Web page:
In a game it is difficult for the referee to anticipate what the players are going to do, and what they are going to need. What, though, if the characters are given several items whose power or purpose is unknown, even to the referee, which can be determined at need?
The easiest example that comes to me would be if they are given three scrolls, not told what they are but that they should only open them at direst need. Then whenever the characters decide that this is their direst need so that they resort to opening one of the scrolls, the referee can assess the situation and decide exactly what sort of magic the scroll will do, and do that. Using Moses as an example, perhaps his first scroll parted the water of the Red Sea, his second brought water from the rock, and his third summoned the mana from heaven. Yet if one way or another he solved those problems with other skills, he would have the scrolls to use for different problems, such as summoning the quail, or dealing with the renegade Levites. Think of it as a bit like pulling a rabbit out of a hat. The referee need not determine what the scrolls do until the characters use them.
Speaking of pulling a rabbit out of a hat, you could do that–give the characters a hat, or a bag, or a briefcase, or something that is a container, which when they open it contains an object which can solve their current dilemma if they can figure out how to use it. In a similar vein, in my youth I read a Get Smart paperback (I believe it was called Max Smart and the Perilous Pellets) in which he was rushed out the door on a mission so quickly that he didn’t have time to be briefed by their special equipment division and was just given a bag containing several objects he would have to figure out along the way.
For a less magical application, perhaps someone gives one of the characters a piece of jewelry–a medalion, or a ring, or something similar. At a critical moment this might be recognized, but the referee need not decide what it is until that moment. It could mark the character as an emmissary of an important king, or a member of a secret society to which a particular guard belongs, or part of an important family. Similarly, an ordinary but decorated object, such as a walking stick or a weapon, could be something that would be recognized as having belonged to a particular individual of significance. These options might give the characters access to some place that would normally be closed to them, or passage on some form of transportation, or even the support of some group of people that will turn the tide in their favor.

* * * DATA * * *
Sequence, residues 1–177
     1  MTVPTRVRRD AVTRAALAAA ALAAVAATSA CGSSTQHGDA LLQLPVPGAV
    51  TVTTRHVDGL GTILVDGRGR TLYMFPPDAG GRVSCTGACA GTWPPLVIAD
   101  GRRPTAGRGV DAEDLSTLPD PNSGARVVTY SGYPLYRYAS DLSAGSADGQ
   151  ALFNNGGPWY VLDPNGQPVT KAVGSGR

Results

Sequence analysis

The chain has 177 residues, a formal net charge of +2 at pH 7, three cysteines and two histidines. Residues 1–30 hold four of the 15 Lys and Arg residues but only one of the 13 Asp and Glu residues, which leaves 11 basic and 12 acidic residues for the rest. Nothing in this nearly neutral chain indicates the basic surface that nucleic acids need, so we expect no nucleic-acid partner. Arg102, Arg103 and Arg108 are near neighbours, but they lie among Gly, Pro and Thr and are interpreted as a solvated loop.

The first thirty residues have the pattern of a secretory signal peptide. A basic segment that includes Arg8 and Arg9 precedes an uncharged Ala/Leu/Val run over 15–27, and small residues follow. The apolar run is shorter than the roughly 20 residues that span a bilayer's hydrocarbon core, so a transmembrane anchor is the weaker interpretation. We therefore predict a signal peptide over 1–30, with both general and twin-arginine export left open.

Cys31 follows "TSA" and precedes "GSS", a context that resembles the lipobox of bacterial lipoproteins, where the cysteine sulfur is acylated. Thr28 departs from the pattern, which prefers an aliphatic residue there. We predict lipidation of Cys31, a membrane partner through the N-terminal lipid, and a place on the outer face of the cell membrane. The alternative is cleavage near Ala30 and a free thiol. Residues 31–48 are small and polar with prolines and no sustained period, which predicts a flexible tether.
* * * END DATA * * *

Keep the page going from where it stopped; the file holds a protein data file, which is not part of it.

The trick in all cases is that the characters, and indeed the players, do not know what they have or how it might help them, and perhaps would not even consider the possibility that this, whatever it is, gives them the power they need to do what appears impossible from where they are. Thus they still perceive themselves as inadequate, unaware of the power that they have been given, and they still are able to succeed in the quest as they discover what they are able to do. Meanwhile, the referee need not decide how any of these objects will help until the help is needed and the object becomes significant in resolving the problem.